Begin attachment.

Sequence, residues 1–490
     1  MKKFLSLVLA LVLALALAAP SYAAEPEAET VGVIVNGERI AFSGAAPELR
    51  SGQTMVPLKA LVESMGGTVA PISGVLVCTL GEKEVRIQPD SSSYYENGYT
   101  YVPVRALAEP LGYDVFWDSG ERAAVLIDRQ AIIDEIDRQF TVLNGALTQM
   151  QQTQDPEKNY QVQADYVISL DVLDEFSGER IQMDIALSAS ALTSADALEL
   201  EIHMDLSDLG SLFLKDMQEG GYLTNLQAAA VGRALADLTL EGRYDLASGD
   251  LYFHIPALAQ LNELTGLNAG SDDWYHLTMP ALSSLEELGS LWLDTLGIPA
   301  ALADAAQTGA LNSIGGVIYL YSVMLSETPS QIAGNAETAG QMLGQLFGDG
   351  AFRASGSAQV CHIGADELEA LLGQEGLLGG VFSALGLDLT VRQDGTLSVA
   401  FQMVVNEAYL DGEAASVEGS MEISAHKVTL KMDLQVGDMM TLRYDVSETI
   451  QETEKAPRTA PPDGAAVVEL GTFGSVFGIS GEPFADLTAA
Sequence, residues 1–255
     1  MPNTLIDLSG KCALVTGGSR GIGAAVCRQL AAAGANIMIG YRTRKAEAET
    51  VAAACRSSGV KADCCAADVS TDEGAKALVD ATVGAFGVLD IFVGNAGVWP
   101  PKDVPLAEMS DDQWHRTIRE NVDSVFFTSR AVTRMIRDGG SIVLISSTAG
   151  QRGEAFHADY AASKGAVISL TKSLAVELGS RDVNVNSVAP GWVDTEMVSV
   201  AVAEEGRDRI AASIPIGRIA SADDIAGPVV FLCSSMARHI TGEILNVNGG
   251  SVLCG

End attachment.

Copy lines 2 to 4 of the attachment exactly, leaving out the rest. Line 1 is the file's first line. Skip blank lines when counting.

     1  MKKFLSLVLA LVLALALAAP SYAAEPEAET VGVIVNGERI AFSGAAPELR
    51  SGQTMVPLKA LVESMGGTVA PISGVLVCTL GEKEVRIQPD SSSYYENGYT
   101  YVPVRALAEP LGYDVFWDSG ERAAVLIDRQ AIIDEIDRQF TVLNGALTQM